August 03, 2009
LaserEngraver

What's New?

While not completely new, it recently came to my attention that many people are not aware of the free marketing tools that LaserBits has created for you to use in your business. Here is the website to look over:
Free Marketing Tools - http://tiny.cc/laser789

Don't forget we added a discussion forum inside LaserU. It has seen a little traffic but not as I had hoped. I think you can really benefit from being able to interact with each other in this area. Give it a Go! Please visit and start posting and answering questions. You can find the link labeled LaserU Forum at the bottom of the left panel of links.

Laser Spotlight

Each month we showcase an item, product or skill from LaserU. We give a summary of the item and provide links for more information. This month we will look at PhotoGrav 3.0 - Why you need it & How it works. This comes from our Corel Center.

If you currently have the prior version (2.1.1) you will definitely want to upgrade!

Compare to version 2.11
All I can say is, “what a difference a version can make!” If you are familiar with PhotoGrav software you will quickly notice the differences in the newest version. In 2.11 there was a process set in cement that one had to follow to prep a photo before PG (PhotoGrav) would even accept the image for processing. Now, with PG 3.0 the program has so much more flexibility.
 
Some of the features over the previous version include:
          -the ability to use either color or B&W photos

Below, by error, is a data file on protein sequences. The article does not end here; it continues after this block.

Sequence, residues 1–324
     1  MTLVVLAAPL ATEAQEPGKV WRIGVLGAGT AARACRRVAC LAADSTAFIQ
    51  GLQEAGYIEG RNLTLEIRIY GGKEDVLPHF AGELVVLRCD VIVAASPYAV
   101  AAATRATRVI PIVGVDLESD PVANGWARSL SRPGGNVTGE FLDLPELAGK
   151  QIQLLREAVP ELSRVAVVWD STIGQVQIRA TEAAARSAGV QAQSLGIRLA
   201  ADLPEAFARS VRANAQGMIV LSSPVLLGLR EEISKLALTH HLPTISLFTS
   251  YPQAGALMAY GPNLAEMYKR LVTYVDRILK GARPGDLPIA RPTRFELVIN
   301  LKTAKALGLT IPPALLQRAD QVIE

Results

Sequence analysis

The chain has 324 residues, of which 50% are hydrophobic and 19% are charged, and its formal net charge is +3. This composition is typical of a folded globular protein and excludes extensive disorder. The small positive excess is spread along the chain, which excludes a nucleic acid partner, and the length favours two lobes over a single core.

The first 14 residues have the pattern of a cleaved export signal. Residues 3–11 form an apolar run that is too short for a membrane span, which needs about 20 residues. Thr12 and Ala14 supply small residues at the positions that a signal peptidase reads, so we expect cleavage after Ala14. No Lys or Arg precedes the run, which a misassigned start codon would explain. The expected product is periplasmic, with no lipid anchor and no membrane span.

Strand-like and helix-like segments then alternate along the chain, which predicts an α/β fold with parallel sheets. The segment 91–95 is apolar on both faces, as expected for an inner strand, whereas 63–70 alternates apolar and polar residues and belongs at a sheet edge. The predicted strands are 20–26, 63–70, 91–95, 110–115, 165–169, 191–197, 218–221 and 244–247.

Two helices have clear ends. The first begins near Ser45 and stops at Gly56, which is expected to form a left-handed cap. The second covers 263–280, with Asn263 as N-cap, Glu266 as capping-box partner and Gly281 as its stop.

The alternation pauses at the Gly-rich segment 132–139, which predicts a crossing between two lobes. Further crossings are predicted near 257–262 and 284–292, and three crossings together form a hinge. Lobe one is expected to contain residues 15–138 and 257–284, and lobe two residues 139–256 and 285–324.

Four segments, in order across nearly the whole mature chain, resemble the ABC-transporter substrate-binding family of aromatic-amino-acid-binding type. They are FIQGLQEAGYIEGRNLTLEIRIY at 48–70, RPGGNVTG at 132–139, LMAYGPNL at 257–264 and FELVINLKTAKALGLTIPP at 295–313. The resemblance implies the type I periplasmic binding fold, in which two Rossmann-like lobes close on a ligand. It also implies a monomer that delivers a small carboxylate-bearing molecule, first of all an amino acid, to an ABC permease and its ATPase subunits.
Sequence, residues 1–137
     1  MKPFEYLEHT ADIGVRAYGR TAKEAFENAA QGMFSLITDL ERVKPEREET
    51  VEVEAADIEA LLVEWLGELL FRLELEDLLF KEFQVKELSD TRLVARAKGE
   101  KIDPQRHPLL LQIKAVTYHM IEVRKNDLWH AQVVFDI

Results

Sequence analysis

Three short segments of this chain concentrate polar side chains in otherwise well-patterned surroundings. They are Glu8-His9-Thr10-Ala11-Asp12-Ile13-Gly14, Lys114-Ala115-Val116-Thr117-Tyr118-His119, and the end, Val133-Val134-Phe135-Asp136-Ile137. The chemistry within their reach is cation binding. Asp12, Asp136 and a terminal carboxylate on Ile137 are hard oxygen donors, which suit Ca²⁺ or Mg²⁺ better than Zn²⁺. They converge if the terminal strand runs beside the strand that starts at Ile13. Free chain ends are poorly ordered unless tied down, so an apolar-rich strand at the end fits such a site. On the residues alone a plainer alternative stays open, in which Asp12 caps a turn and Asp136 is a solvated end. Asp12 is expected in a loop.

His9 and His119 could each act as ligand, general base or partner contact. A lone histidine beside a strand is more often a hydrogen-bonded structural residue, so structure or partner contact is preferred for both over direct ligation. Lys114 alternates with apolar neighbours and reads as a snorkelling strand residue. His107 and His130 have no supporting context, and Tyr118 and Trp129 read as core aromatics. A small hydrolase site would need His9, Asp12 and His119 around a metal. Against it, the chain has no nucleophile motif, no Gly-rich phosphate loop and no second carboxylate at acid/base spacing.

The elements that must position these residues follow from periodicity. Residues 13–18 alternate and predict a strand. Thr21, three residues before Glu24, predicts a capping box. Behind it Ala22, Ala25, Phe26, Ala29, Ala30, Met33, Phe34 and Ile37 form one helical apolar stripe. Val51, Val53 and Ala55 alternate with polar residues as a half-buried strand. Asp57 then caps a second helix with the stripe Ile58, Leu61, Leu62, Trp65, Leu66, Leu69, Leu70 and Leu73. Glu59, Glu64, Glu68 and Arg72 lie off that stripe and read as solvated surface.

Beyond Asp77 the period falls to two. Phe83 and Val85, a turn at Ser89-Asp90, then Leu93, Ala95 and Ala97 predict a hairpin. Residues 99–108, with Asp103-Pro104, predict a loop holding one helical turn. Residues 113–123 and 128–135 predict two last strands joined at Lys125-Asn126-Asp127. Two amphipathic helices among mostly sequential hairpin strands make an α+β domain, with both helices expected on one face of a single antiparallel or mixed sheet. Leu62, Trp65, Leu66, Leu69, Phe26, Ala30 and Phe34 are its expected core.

-the ability to use standard image formats such as tif, jpg, png and bmp
          -built in resize original image tool
          -expanded and updated laser system list
          -expanded and updated materials list

A great product made even better, PhotoGrav 3.0 is designed for novice and expert engravers to product first run, professional results.

How it works
If you are totally new to PG, let me explain further. The basic of idea of PhotoGrav is to remove all the variables in the process of laser engraving photos. Over the years, PG has established itself as the standard for laser engraved photo quality. Born from necessity over 10 years ago, the need for quality laser photos continues to expand.

The solution for success in any process is to remove the variables. The fewer the variables, the less human interface required to make questionable judgments.

Three major variables are present in the laser engraving process:

  1. the laser system – PG can be set up to your specific laser manufacturer and other settings
  2. the material – through an extensive list, the needed material is selected in PG. This applies filters to the image for optimum engraving results. These filters compensate for the absorption factor of each material.
  3. the photo – each photo has a range of highlight, midtone and shadow values. PG creates a histogram based on algorithms to accommodate these values.

PG 3.0 reduces the variables in the production process using these three main areas. The user will find much more consistent results over a wide range of materials and customer supplied photos. Each of these three is further addressed in the remainder of this tutorial.

See the example below for a series of photos that were processed with and without PhotoGrav.

Processed Without PhotoGrav

WithOUT PhotoGrav


Processed WITH PhotoGrav

WITH PhotoGrav

The second example has much more clarity and detail to the finer points of the images. Compare the first image in the series. In the PhotoGrav’ed example, my son’s facial features are much clearer. Now look at the third image in the series. In the PhotoGrav’ed example, his mouth can be seen amidst the paint on his face. Hands down – the second example is the one a client would pay great sums to have of their loved one.

Interested? See our lesson in the Corel Center for a step-by-step on how PG 3.0 works! And it is easy!
 

For more information on PhotoGrav 3.0 see the Corel Center.

Please send questions and comments to laseru@laserbits.com

See you next month with our next The Laser Engraver Newsletter.

Kathryn